When Katie was first diagnosed, we immediately thought that we’d never have more children. This was difficult to accept because we had long thought that we would have a third child. But, for the first few months, we simply accepted the fact that we would not have more children due to the increased risk of CF with subsequent children.

But over time, as we learned to accept CF in our family, we started getting back to a normal family routine. Part of this routine included discussing our options for a third child. We had several options to consider:

  • adoption
  • in vitro fertilization
  • surrogate carrier
  • natural conception
  • simply stop at 2 kids
  • other – I’m sure I’m missing some options

As we considered the options, cost, timing, effort involved and ethical considerations conspired against us.

We didn’t have the money to pursue some of the options: IVF looks like a $10K+ undertaking. And, IVF has some ethical considerations as well. What do we do with the leftover embryos, for example? We weren’t comfortable with the destruction, freezing or donation of unused embryos.

We didn’t feel ready to consider adoption.

And, we weren’t comfortable with having a surrogate carrier.

So… our options were limited. We weren’t quite sure what to do.

Next up: Part 3 – reaching out

cystic fibrosis

Should bad genes = no more kids? – Part 1: background

We are expecting our third child any day now. This is an exciting time for us. And, for a while, it was a difficult time as well. Why? Because the odds are 1 in 4 that this baby will be born with Cystic Fibrosis.

Some would consider us reckless or ignorant. Others would call us brave or compassionate. And others may think that we are simply crazy.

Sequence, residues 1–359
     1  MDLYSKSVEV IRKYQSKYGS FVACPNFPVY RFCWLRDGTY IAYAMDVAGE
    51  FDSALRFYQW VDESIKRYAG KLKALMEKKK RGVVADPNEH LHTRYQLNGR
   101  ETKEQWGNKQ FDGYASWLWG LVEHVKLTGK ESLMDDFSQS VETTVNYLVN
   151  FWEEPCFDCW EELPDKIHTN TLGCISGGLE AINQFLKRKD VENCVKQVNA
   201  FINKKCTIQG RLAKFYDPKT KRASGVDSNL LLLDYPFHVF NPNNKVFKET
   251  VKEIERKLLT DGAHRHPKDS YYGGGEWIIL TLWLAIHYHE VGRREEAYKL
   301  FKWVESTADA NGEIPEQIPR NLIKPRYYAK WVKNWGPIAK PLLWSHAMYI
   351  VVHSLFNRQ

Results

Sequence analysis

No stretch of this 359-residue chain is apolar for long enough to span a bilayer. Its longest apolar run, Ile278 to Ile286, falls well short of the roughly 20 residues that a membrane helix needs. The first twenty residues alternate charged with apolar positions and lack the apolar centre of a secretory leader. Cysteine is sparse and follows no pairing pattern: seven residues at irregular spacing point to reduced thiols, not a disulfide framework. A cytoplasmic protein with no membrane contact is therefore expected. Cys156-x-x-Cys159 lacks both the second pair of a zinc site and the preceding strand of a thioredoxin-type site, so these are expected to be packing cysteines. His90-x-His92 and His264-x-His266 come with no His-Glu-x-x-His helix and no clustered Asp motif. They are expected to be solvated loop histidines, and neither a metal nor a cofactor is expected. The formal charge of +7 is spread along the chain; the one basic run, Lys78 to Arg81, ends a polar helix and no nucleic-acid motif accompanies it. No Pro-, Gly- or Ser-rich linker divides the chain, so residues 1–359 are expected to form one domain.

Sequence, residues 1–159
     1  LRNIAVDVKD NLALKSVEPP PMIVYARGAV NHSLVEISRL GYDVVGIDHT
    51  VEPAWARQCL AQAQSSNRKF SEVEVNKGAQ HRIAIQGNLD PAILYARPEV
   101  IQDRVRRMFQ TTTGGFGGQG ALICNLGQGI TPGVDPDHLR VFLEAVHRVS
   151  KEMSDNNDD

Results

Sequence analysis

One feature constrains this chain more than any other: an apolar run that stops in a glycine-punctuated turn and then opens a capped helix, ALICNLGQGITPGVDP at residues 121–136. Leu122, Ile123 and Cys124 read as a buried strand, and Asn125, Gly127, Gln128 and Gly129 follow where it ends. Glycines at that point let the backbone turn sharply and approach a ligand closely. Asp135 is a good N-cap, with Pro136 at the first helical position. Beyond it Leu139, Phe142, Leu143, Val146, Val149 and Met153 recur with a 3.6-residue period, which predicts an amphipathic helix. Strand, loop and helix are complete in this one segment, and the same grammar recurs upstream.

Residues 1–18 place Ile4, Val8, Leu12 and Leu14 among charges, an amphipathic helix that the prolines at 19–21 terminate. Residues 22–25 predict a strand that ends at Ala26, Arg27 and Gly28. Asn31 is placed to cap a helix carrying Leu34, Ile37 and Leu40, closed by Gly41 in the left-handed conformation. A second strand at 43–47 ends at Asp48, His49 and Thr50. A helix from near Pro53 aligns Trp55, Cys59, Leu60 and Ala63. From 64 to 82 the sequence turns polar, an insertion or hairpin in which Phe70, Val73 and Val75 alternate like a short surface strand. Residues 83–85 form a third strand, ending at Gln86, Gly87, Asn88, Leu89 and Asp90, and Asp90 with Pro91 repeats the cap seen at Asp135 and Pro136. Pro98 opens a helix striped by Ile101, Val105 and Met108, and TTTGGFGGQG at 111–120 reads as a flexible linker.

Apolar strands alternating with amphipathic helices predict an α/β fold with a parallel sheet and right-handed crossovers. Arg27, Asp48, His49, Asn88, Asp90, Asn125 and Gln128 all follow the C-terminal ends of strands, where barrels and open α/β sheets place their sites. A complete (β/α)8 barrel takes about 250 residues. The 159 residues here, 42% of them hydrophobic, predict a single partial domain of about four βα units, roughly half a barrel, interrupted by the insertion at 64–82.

But I ask… what would you do?

First of all, here’s the science behind this debate:
Cystic fibrosis, a genetic disorder, is present from birth. CF occurs when a child inherits two defective copies of the gene responsible for CF, one from each parent.

Approximately one in 25 Canadians is a CF carrier, carrying only one defective version of the gene responsible for cystic fibrosis. Carriers do not have, and can never get, cystic fibrosis. In most cases, they are not even aware they are carriers.

When two carriers have a child, there is a

  • 25% chance the child will be born with cystic fibrosis
  • 50% chance the child will not have CF, but will be a carrier
  • 25% chance the child will not have CF and will not be a carrier

With each pregnancy, the risks are exactly the same. Two carrier parents may have several children with cystic fibrosis or none at all.

Thanks to the Canadian Cystic Fibrosis Foundation for the above info. source)

Next up: Part 2 – our circumstances